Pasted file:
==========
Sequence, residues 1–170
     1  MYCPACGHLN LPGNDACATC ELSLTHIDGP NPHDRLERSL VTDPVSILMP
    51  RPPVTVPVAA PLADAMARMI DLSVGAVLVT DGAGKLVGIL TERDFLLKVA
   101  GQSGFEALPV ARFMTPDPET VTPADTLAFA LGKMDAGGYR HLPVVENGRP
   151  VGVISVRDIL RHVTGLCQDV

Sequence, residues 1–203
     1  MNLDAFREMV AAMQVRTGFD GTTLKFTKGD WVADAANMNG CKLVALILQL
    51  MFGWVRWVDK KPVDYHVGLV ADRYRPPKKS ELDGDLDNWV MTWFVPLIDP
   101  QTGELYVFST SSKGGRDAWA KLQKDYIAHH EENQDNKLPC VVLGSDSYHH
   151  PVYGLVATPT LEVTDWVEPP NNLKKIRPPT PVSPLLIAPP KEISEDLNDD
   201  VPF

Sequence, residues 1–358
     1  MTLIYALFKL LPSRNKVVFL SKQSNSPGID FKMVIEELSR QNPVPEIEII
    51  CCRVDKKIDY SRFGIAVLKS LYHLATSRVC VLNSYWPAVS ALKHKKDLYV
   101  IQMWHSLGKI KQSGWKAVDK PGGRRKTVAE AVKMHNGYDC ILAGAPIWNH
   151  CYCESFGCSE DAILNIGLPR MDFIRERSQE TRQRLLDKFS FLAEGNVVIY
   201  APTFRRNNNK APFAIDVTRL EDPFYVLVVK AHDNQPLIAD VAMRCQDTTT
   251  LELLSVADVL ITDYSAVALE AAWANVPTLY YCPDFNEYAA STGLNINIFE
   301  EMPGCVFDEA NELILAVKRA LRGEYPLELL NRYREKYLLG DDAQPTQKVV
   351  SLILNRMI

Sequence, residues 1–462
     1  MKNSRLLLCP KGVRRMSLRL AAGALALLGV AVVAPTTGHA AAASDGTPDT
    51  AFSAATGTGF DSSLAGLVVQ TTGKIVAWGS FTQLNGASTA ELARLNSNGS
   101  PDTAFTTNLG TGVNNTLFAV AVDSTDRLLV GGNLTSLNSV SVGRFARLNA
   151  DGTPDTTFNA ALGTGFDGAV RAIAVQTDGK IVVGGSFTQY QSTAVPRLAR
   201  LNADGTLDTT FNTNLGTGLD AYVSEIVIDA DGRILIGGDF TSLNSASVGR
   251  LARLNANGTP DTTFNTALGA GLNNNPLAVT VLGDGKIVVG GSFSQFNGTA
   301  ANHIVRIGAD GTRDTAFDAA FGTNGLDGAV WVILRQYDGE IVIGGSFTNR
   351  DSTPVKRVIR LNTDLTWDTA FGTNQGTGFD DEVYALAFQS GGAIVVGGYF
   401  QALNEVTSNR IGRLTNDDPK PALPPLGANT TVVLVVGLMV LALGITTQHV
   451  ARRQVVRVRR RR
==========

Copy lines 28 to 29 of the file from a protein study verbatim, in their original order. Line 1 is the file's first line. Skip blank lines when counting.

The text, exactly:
   301  ANHIVRIGAD GTRDTAFDAA FGTNGLDGAV WVILRQYDGE IVIGGSFTNR
   351  DSTPVKRVIR LNTDLTWDTA FGTNQGTGFD DEVYALAFQS GGAIVVGGYF